Imagine a volcanic island of exceptional natural beauty rising up from the Tasman Sea 600km off the Australian coast. Lord Howe Island’s outstanding universal value is recognised in its World Heritage listing for spectacular scenery, important breeding grounds for colonies of seabirds, and its rich biodiversity including many endangered and critically endangered species not found anywhere else in the world.
The Lord Howe Island Board has taken a holistic approach in protecting this remarkable oceanic island. Together with the community, the LHI Board has long history of sustainable and conservation programs designed to protect and enhance the World Heritage values. A tourist bed cap of 400 people at any one time and a world-class waste management facility that diverts 86% of the island waste from landfill reduces adverse environmental impact and waste generation. The eradication of invasive alien species including pigs, cats, feral goats, noxious weeds, plant pathogens and a world first eradication of African big-headed ant (on an oceanic island) ensures Lord Howe Island’s unique biodiversity is safeguarded. Recovery programs have brought species back from the brink of extinction, such as the LHI Woodhen and the world’s rarest insect, the LHI Phasmid, affectionately known as the land lobster—soon to be returned thanks to successful breeding programs with our valued partner Zoos Victoria.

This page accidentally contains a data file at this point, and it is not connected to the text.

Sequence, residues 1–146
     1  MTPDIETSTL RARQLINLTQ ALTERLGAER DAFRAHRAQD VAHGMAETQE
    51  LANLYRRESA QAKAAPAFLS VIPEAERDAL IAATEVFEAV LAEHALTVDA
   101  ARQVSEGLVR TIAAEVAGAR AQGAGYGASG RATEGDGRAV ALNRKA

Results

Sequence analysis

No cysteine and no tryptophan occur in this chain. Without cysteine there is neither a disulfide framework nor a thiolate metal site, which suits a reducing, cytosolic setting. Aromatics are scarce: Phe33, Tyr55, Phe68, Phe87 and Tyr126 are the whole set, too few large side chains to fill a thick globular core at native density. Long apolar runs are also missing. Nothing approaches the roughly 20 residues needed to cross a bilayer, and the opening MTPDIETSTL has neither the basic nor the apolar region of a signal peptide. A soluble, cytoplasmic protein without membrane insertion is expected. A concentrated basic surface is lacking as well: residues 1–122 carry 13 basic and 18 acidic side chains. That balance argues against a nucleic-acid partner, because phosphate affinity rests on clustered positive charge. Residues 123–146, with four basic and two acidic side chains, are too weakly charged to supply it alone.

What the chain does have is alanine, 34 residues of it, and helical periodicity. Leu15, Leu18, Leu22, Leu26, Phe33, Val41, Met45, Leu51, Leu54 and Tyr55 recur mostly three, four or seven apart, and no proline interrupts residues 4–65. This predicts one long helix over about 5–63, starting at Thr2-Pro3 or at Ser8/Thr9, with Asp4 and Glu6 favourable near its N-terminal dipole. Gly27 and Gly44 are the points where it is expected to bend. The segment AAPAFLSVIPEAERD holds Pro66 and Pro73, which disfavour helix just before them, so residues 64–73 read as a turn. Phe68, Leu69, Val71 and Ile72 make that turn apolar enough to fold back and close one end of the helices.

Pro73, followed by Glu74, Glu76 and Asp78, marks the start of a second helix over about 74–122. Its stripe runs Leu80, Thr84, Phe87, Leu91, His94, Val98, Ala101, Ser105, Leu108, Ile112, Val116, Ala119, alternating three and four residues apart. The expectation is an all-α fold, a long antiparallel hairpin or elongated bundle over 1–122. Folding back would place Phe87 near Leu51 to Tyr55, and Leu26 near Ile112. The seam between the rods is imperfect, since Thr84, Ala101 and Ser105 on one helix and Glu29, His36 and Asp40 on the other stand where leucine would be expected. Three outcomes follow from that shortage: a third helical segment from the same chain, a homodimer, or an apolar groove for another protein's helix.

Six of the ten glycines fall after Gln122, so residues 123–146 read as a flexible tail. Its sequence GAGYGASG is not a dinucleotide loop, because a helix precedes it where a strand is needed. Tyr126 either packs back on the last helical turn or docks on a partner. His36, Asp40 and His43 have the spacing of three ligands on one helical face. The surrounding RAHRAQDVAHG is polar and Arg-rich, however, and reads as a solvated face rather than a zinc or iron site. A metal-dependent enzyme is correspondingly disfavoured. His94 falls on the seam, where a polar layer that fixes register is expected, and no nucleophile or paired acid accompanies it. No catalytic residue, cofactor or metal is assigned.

An integral part of this approach is the Lord Howe Island Weed Eradication Project. Possibly one of the most ambitious island weed eradication programs on an inhabited island, in the South Pacific – if not globally – given the density, distribution and diversity of weed populations that were present on the island at the program’s commencement. The use of innovative techniques such as a helicopter lance-spray apparatus for targeted treatment in remote areas and GPS tracking of weed blocks to record search effort and report data future proofs the program. 2 million weeds removed and over 170,000 hours searched, mature weed infestations have been reduced by 90% across island. Next to weeds, rodents present the highest risk to the island’s biodiversity values. The LHI Rodent Eradication Project nearing the implementation stage in 2019 will be another world first as the largest populated island to undertake a full-scale eradication of rodents. The $9.5M project will be the change that sees the historic return of the LHI Phasmid.
By ramping up biosecurity measures and bringing in a couple of new furry faces, two biosecurity dogs, Sebbi and Zuma the LHI Board is serious about keeping invasive alien species out and protecting this precious piece of paradise for future generations.